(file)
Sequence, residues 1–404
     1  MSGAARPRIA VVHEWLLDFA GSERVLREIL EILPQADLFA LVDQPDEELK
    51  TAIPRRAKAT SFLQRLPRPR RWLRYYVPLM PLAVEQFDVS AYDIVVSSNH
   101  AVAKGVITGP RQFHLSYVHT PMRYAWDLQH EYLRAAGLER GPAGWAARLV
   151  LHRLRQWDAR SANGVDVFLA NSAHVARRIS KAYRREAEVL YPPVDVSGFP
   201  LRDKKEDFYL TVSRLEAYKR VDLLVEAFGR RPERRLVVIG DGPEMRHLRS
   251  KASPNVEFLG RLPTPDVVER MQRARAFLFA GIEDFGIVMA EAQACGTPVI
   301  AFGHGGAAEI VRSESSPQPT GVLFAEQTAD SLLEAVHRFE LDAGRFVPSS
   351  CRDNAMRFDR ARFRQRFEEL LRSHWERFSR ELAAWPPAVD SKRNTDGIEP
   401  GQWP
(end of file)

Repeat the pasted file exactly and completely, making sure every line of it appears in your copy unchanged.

Sequence, residues 1–404
     1  MSGAARPRIA VVHEWLLDFA GSERVLREIL EILPQADLFA LVDQPDEELK
    51  TAIPRRAKAT SFLQRLPRPR RWLRYYVPLM PLAVEQFDVS AYDIVVSSNH
   101  AVAKGVITGP RQFHLSYVHT PMRYAWDLQH EYLRAAGLER GPAGWAARLV
   151  LHRLRQWDAR SANGVDVFLA NSAHVARRIS KAYRREAEVL YPPVDVSGFP
   201  LRDKKEDFYL TVSRLEAYKR VDLLVEAFGR RPERRLVVIG DGPEMRHLRS
   251  KASPNVEFLG RLPTPDVVER MQRARAFLFA GIEDFGIVMA EAQACGTPVI
   301  AFGHGGAAEI VRSESSPQPT GVLFAEQTAD SLLEAVHRFE LDAGRFVPSS
   351  CRDNAMRFDR ARFRQRFEEL LRSHWERFSR ELAAWPPAVD SKRNTDGIEP
   401  GQWP